Steve Taylor & The Perfect Foil toured the U.S. with Danielson in support of their acclaimed Goliath album. The resulting friendship found the band configured as Steve Taylor & the Danielson Foil recording with engineer Steve Albini at his famed Electric Audio studio.
Wow to the Deadness is the resulting whipcrack 6-song EP that applies scalding punk rage to delightfully cockeyed song structures, making for an EP without many clear musical parallels. It’s Magazine covering the Godspell soundtrack or the Buzzcocks trading verses with the Free Design. More than anything, Steve Taylor & the Danielson Foil is the sound of two acts scrapping every rule of songwriting and following their own impulses. Wow to the Deadness that combines the sensibilities of both for a batch of songs full of hairpin musical left turns and sharp, deftly-observed lyrics. Every time you think you've got its sound pinned down, it shape-shifts again, transforming into something entirely new -- fantastically confounding, and utterly irresistible.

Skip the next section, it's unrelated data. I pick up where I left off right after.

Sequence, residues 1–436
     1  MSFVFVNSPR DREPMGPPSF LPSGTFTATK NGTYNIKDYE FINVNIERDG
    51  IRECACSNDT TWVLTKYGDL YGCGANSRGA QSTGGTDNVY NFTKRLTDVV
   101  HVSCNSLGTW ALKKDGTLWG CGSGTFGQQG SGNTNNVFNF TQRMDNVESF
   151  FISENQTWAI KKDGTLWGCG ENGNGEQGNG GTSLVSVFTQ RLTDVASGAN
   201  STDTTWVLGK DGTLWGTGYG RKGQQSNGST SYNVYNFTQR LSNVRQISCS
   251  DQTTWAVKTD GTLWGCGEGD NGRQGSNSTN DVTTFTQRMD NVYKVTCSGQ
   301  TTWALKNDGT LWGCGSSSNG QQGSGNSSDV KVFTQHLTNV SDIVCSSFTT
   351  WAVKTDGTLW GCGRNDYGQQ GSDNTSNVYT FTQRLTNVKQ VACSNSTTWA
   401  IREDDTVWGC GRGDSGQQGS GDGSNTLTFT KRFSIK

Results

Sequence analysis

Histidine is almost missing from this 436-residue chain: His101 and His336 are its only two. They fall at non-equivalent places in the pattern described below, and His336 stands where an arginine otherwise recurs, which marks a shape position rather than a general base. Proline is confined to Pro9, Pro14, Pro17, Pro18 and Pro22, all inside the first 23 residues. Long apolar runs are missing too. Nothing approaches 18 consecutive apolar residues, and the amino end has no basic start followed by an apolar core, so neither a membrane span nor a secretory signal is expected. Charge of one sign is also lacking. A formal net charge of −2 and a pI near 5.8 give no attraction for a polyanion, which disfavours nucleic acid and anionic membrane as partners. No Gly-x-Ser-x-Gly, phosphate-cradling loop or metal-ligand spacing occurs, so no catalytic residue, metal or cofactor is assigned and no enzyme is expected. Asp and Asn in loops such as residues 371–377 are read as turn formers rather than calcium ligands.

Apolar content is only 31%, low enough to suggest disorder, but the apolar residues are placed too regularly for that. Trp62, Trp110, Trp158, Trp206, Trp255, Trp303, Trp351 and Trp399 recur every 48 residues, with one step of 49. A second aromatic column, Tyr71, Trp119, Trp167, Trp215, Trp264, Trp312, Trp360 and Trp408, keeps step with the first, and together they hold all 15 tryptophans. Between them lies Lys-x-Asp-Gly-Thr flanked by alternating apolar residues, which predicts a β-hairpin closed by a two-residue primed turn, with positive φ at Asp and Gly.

As Albini said of the record, "It ended up being really raucous and really great."
The Brighton, UK-based post-rock instrumentalists yndi halda return with their long-awaited follow up to 2006's Enjoy Eternal Bliss. Under Summer finds the band honing their musicianship with fuller, more expansive arrangements, larger-scale compositions, and the incorporation of vocals for the first time. Under Summer winds through over an hour of music in four tracks that are at once subtle and joyous, hitting huge emotional peaks around moments of serene gentleness and heartbreaking sadness in its orchestration of sonorous guitar interlacing, meticulously crafted string arrangements and - now - soaring vocal harmonies.
yndi halda has been working on this album since their debut. Under Summer found the band recording in multiple studios with multiple producers over many months to get the final album that they wanted. Under Summer is the very upper limit of the sky under which they wrote and recorded the album. The endless July days that they played into, a perfect calm, and joy. But it's also a sadness. 'Under' as in 'beneath'; sorrow and heartache. Sadness and bliss; what one means to the other.